Black Velvet Hat
by Lesley Quayle
You were the poet who lived
in Muswell Hill, back in the day
when I was the girl in a black velvet
hat with a red rose pinned to the brim.
You wrote a song for me,
about my long hair swinging
and my long legs, tanned by summer sun,
and my velvet hat with a rose pinned to the brim.
You sang it, a whisper of tobacco
on your voice. Everyone stopped
and held their breath. “For her,” you said.
“The girl in the hat with a red rose pinned to the brim.”
I loved the guitarist, whose eyes unsettled
my seventeen year old heart, whose beautiful
hands were like wings, who didn’t write poems
or songs. I gave him the red rose pinned to my hat.
I broke your heart and afterwards
you sent me a postcard scribbled all over
in felt-tip pen — “I loved you.
You gave him the rose so I stole your hat.”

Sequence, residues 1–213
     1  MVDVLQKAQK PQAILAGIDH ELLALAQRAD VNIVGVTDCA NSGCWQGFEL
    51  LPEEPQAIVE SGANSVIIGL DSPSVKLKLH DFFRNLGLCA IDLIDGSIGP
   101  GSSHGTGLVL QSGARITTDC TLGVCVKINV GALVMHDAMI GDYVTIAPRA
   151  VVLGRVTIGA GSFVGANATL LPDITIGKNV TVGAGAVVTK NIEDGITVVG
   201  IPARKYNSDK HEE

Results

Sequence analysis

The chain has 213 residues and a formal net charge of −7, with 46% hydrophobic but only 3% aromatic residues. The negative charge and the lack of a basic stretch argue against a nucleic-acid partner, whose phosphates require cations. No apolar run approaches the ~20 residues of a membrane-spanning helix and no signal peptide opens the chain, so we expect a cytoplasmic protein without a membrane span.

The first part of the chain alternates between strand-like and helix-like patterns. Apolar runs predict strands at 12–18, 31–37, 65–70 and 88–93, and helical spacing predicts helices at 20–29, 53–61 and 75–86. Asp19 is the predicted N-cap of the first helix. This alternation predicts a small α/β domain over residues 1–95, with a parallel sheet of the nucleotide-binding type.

NOTE FROM THE AUTHOR: I wrote this poem after seeing a hat in a charity shop exactly like the one mentioned in the poem that I’d owned all those years ago. It sparked the memory. (I married the guitarist and I never saw the boy who wrote the song again — or my hat.)
ABOUT THE AUTHOR: Lesley Quayle is a prizewinning poet and a folk blues singer. A former editor of Leeds based poetry journal Aireings, she was a winner of the BBC Wildlife Magazine Poet of the Year and also the Trewithen Prize and her poem, “Termination,” was nominated for a Forward single poem award. Her work has appeared in The Rialto, The North, Tears in the Fence, Ink, Sweat and Tears, The Interpreter’s House, among others and she has read on BBC Radio 4, local radio and appeared at The West Yorkshire Playhouse. She has a pamphlet, Songs For Lesser Gods (erbacce), and a collection, Sessions (Indigo Dreams), and is currently working on a new collection, as yet untitled, and a novel.